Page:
Favorite Features

    stereo system, moon roof, AWD, paddle shifters, sunroof, push to stat button, auto wipers and lights.

    Suggested Improvements

    Blind spot warning, 6 cd changer, buck up camera should be standard in all trims and standard navigation in SLS will be nice.

    Evidently Suzuki tested this car on the Autobahn. They have done a great job. I loved my test drive and longed for the stick shift version of the car during that drive. And afterwards, too! :)

    I am thinking of returning to the Pacific Northwest and in Pullman one does have a lot of snow to deal with. Yes, the home of Washington State University, Pullman. We'll see, I have had a phone interview that went very well. I am going to check out Suzuki dealers in the Pacific Northwest in the Pullman region. I know there's one in Spokane. I miss my homeland, which is actually the Seattle area. But this hospital I'm applying for a job at is winning patient satisfaction awards and it is winning 'Top 100 hospitals to work at in the U.S.' awards as well. I'm very interested! And it does snow a lot in Pullman.

    They do plow the streets there, but my 2008 Mitsubishi Lancer GTS, though a great car, might have trouble in the snow, due to it's high-performance, low-profile Pirelli P-Zero Nero M&S Pinna tires. Don't get me wrong, they're great tires. But I suspect the tires with the Lancer suspension and racecar type setup might cause me trouble up in Palouse country.

    I'm all excited about the Kizashi and the job in Pullman. Aw, schucks. Ya know I'll be keeping you posted. The Mrs. is going to have to be...umm...nurtured along with this for a while. I may want to wear my flak jacket at the appropriate times. :D

    2011 Kia Soul Sport 5-speed

  • thegraduatethegraduate Posts: 9,731
    Hi all. I'm considering selling both my 06 Accord and 96 Accord in order to buy one brand new Sonata, preferably stick-shift. Can someone tell me what they think I'd miss by going from my 06 Accord EX to a Sonata GLS with no options?

    Also, any guidance on pricing? I wouldn't finance, it would be a cash transaction for me.
  • shabadoo25shabadoo25 Posts: 216
    Well, the good news is that even the base GLS has more options than a lot of its competitors' stripped down models.

    Since the stick shift Sonatas list at right at or slightly below $20k, you should be able to get one for something in the $18k range.
  • fushigifushigi Posts: 1,240
    Sorry for the mildly OT post but iluv, have you considered the forthcoming Outlander Sport? Average of 30MPG, the Lancer's engine (lots of Lancer components, actually), and available AWD to handle the snow. I'd think pricing would be quite competitive against the Suzuki since it slots under the regular Outlander.
  • syitalian25syitalian25 Posts: 303
    edited March 2010
    The Sonata is an awesome car, although the GLS with no options is the base car. No power seats, no leather, steel 16'' wheels instead of alloy.. but other than that you still get iPod, Bluetooth, and lots of other options you wouldn't usually get at that price.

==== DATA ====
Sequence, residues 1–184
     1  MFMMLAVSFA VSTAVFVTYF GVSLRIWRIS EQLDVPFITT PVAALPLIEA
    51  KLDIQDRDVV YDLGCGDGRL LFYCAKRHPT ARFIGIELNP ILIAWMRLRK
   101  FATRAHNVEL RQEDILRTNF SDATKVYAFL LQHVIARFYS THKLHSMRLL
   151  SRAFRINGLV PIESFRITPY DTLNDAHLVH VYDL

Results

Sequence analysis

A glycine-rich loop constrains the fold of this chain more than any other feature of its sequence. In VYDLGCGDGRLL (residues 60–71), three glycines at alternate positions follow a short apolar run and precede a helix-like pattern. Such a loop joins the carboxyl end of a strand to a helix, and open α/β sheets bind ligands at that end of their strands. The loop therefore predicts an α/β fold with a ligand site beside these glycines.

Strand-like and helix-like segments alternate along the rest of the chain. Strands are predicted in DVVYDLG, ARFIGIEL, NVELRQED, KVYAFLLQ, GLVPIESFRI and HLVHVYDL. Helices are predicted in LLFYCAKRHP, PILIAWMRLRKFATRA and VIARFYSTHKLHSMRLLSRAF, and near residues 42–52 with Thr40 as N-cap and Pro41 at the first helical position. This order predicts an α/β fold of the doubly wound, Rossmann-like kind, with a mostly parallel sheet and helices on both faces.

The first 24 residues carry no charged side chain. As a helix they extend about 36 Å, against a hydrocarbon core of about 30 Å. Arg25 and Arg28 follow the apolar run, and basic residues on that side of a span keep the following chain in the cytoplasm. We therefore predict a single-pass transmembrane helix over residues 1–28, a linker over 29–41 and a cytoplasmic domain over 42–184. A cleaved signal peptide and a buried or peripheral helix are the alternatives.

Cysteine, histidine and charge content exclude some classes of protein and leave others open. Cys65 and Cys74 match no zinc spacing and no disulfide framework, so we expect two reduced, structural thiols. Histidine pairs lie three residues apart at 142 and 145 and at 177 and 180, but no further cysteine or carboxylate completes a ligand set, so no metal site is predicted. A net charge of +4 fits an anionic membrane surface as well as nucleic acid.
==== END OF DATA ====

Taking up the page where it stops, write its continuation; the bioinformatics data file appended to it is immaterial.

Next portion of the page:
Check out http://cars.overstock.com/configurator.html?makeId=2235&modelId=443&upfrontPrici- - - ng=Y for pricing, they have some really good deals listed on there. They list the base Sonata for $17,509. Make sure you add Hyundai cable if you plan to use the iPod, the system is buggy with just the regular Apple cable.
  • acdiiacdii Posts: 753
    I agree with that. The power ratings, the alleged zero-sixty times, the quarter mile times, the G-ratings, the super high alleged gas mileage ratings and all mean little to me. It's what it drives like when I drive one that will sell me.

    Good point, this is why I gave up a 38 MPG Camry Hybrid for the Fusion Sport. I may be getting only around 22 winter 24 summer, but it is fun to drive, comfortable, and handles so much better than a Camry could ever dream of handling. After 16 months behind the wheel of the TCH, and 34K miles, I hated the car. MPG is meaningless if you despise the ride and comfort. This is one big reason I cant drive anything smaller than a mid size car, I don't feel comfortable in them, call it a phobia if you want, but when I had the Prius I felt vulnerable. Too many years driving OTR and seeing what the compacts and sub compacts look like after getting hit by anything other than another compact is scary.
  • thegraduatethegraduate Posts: 9,731
    Since the stick shift Sonatas list at right at or slightly below $20k, you should be able to get one for something in the $18k range.

    18k? With a $2500 rebate already sitting on them, I was thinking I could get out the door for $16k if I search hard; fitzmall had some great deals on them.
  • tenpin288tenpin288 Posts: 804
    edited March 2010
    18k? With a $2500 rebate already sitting on them, I was thinking I could get out the door for $16k if I search hard; fitzmall had some great deals on them.

    That's only on the remaining stock of 2010s. In my area the only offers on the 2011s are a lease special, a $500 owner loyalty offer, and/or special financing.